Fortunately, some characters in 3D games have broken the mold. A great example can be found in another game that I recently played through, Mystical Ninja 64. The dialogue between the characters is enough to make it hilarious and personality-driven all on its own, but the developers added the extra cherry on top with a different idle animation for the four that are playable, each one reflecting their personal style. The no-nonsense robot ninja Sasuke sits and calmly sips a cup of tea, while the lazy Ebisumaru lies down for a nap. These actions may not be as weird or wacky as the other examples I have listed, not to mention that one is very similar to the uninspired Mario 64 sleep animation that I mentioned earlier, but they are still indicative of who they belong to, which is the important thing.

However good an example it may be, it’s been a long time since Mystical Ninja 64 was released. After going so long without seeing a truly captivating idle animation, I was pleasantly surprised to see what ‘Splosion Man does on his own after the controller is put down. What does it all say about him? Basically, they tell the player that he is completely batty from whatever those scientists did to him. And yet, he is not ashamed of what he is, either because of the power he now has or because he is just too crazy to feel shame. He is playful, zany, and, again, completely off his rocker. He is so full of energy that not even taking one’s hands off of the controller can stop him.

Twisted Pixel did not just make a funny-looking 3D model and carelessly throw it into their game. They took the time to make him feel alive, not through cut scenes or even a short story blurb before the game, but by allowing him to show us who he is. Something so small as an idle animation may seem insignificant in the grand scheme of things, but they often have a lot to do with how attached players become to the characters themselves. Years from now, people will still remember the things a character they once played did when idle. Personally, these are often the things I remember most about the stars of the games that I’ve played. Spot of Cool Spot? He did a little dance, snapped his fingers, and shined his sunglasses like the cool guy he was. Simba from The Lion King? He curiously watched a butterfly float by, and then pounced on it. Conker? He killed the time by playing Killer Instinct on a Game Boy.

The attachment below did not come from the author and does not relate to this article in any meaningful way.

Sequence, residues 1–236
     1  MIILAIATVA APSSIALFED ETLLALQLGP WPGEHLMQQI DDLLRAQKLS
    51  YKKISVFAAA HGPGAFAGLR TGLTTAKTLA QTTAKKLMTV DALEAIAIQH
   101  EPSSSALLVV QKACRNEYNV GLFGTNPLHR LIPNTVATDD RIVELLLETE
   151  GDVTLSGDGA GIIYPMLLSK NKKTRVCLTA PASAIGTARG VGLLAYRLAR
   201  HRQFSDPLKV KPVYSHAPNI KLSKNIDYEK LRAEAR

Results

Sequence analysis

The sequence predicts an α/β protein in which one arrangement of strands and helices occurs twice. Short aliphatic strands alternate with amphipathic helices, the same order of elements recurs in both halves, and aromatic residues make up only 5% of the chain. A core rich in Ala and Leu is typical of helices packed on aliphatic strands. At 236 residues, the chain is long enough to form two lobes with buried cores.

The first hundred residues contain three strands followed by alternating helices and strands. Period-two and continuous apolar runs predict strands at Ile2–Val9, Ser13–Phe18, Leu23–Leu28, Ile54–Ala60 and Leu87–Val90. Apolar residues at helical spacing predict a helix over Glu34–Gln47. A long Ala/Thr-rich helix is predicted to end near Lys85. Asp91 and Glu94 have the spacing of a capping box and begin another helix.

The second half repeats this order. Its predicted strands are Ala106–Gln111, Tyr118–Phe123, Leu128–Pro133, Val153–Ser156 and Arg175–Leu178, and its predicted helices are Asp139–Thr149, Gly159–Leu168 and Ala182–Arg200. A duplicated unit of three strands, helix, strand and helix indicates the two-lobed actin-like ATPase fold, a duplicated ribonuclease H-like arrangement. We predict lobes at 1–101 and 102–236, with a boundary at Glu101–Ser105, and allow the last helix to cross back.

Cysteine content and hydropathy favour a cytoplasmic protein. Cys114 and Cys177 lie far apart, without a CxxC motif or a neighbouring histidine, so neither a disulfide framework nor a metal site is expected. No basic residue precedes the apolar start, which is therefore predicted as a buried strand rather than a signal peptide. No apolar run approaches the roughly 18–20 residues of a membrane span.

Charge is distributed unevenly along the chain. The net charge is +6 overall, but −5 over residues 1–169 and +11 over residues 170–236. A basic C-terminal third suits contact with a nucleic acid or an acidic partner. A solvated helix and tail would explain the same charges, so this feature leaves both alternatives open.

Watching ‘Splosion Man babble to himself and clap his hands like he was really enjoying his alone time took me back to the days where I would just sit and watch Earthworm Jim cycle through his idle animations, and it made me feel all warm and fuzzy. It also made me wonder why moments like these are now so rare. Where are all the personality-packed idle animations today? Is there still room for such things in a time where realistic characters have extensive pasts, presents and futures that are all detailed in cinematics?

I don’t know the answer to the first question, but the answer to the second is a resounding “yes,” proven by ‘Splosion Man himself. Now that I am at the end of my little rant, developers, I beg of you; if you want your character to feel alive and be memorable to the player, give it a few idle animations, and be imaginative about it! It doesn’t matter whether your game is 2D or 3D, nor whether said character is a talking dog or a gruff lone agent. Make them do things that really show off what sort of person/animal/thing they are and we will love them. We might even make stronger bonds with them. Creating a believable character is not entirely about making them rigidly realistic and serious. Although I guess it makes sense that boring idle animations belong to boring characters.

I rest my case.

Ashley Davis